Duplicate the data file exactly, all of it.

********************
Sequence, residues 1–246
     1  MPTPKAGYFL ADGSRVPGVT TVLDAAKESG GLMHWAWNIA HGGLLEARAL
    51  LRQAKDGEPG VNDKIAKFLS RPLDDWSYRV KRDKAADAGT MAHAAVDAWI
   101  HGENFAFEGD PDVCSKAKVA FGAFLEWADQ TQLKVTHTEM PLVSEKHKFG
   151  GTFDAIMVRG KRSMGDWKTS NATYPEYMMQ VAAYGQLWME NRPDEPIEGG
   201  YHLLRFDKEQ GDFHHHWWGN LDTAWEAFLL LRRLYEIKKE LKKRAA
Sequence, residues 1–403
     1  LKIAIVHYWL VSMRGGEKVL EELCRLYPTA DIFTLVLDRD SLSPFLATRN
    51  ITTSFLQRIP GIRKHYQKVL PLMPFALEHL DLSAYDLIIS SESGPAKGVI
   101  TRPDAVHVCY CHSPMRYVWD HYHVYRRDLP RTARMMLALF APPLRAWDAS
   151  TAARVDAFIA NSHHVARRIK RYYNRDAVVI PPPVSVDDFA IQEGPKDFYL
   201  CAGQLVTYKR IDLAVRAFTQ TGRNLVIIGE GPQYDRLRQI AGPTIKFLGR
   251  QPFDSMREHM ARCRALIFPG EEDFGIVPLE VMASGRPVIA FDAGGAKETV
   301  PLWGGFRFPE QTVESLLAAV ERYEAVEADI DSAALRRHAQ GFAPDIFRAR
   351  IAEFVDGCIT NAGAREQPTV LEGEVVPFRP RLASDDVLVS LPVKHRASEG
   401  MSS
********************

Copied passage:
Sequence, residues 1–246
     1  MPTPKAGYFL ADGSRVPGVT TVLDAAKESG GLMHWAWNIA HGGLLEARAL
    51  LRQAKDGEPG VNDKIAKFLS RPLDDWSYRV KRDKAADAGT MAHAAVDAWI
   101  HGENFAFEGD PDVCSKAKVA FGAFLEWADQ TQLKVTHTEM PLVSEKHKFG
   151  GTFDAIMVRG KRSMGDWKTS NATYPEYMMQ VAAYGQLWME NRPDEPIEGG
   201  YHLLRFDKEQ GDFHHHWWGN LDTAWEAFLL LRRLYEIKKE LKKRAA
Sequence, residues 1–403
     1  LKIAIVHYWL VSMRGGEKVL EELCRLYPTA DIFTLVLDRD SLSPFLATRN
    51  ITTSFLQRIP GIRKHYQKVL PLMPFALEHL DLSAYDLIIS SESGPAKGVI
   101  TRPDAVHVCY CHSPMRYVWD HYHVYRRDLP RTARMMLALF APPLRAWDAS
   151  TAARVDAFIA NSHHVARRIK RYYNRDAVVI PPPVSVDDFA IQEGPKDFYL
   201  CAGQLVTYKR IDLAVRAFTQ TGRNLVIIGE GPQYDRLRQI AGPTIKFLGR
   251  QPFDSMREHM ARCRALIFPG EEDFGIVPLE VMASGRPVIA FDAGGAKETV
   301  PLWGGFRFPE QTVESLLAAV ERYEAVEADI DSAALRRHAQ GFAPDIFRAR
   351  IAEFVDGCIT NAGAREQPTV LEGEVVPFRP RLASDDVLVS LPVKHRASEG
   401  MSS